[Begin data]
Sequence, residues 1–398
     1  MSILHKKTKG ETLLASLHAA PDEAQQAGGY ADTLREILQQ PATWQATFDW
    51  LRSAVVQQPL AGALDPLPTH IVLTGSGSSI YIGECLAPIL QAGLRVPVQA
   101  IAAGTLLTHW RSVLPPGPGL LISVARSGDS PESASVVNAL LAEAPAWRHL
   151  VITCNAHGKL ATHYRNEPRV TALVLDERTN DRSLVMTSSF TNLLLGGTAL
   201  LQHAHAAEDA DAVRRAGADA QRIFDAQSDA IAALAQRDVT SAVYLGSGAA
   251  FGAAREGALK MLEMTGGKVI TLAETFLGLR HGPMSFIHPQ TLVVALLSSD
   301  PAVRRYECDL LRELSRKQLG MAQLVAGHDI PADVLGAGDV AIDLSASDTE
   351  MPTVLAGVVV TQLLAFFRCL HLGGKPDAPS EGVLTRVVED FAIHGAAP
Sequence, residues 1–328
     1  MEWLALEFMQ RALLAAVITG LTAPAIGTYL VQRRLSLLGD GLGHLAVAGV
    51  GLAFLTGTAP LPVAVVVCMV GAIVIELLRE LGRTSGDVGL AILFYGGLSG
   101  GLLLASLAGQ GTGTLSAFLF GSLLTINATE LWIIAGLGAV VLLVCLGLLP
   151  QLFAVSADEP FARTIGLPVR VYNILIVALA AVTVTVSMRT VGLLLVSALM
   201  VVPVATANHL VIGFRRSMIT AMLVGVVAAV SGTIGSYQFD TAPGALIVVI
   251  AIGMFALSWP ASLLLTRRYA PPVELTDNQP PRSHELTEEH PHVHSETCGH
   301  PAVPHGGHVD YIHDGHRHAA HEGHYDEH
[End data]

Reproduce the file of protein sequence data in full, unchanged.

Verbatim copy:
Sequence, residues 1–398
     1  MSILHKKTKG ETLLASLHAA PDEAQQAGGY ADTLREILQQ PATWQATFDW
    51  LRSAVVQQPL AGALDPLPTH IVLTGSGSSI YIGECLAPIL QAGLRVPVQA
   101  IAAGTLLTHW RSVLPPGPGL LISVARSGDS PESASVVNAL LAEAPAWRHL
   151  VITCNAHGKL ATHYRNEPRV TALVLDERTN DRSLVMTSSF TNLLLGGTAL
   201  LQHAHAAEDA DAVRRAGADA QRIFDAQSDA IAALAQRDVT SAVYLGSGAA
   251  FGAAREGALK MLEMTGGKVI TLAETFLGLR HGPMSFIHPQ TLVVALLSSD
   301  PAVRRYECDL LRELSRKQLG MAQLVAGHDI PADVLGAGDV AIDLSASDTE
   351  MPTVLAGVVV TQLLAFFRCL HLGGKPDAPS EGVLTRVVED FAIHGAAP
Sequence, residues 1–328
     1  MEWLALEFMQ RALLAAVITG LTAPAIGTYL VQRRLSLLGD GLGHLAVAGV
    51  GLAFLTGTAP LPVAVVVCMV GAIVIELLRE LGRTSGDVGL AILFYGGLSG
   101  GLLLASLAGQ GTGTLSAFLF GSLLTINATE LWIIAGLGAV VLLVCLGLLP
   151  QLFAVSADEP FARTIGLPVR VYNILIVALA AVTVTVSMRT VGLLLVSALM
   201  VVPVATANHL VIGFRRSMIT AMLVGVVAAV SGTIGSYQFD TAPGALIVVI
   251  AIGMFALSWP ASLLLTRRYA PPVELTDNQP PRSHELTEEH PHVHSETCGH
   301  PAVPHGGHVD YIHDGHRHAA HEGHYDEH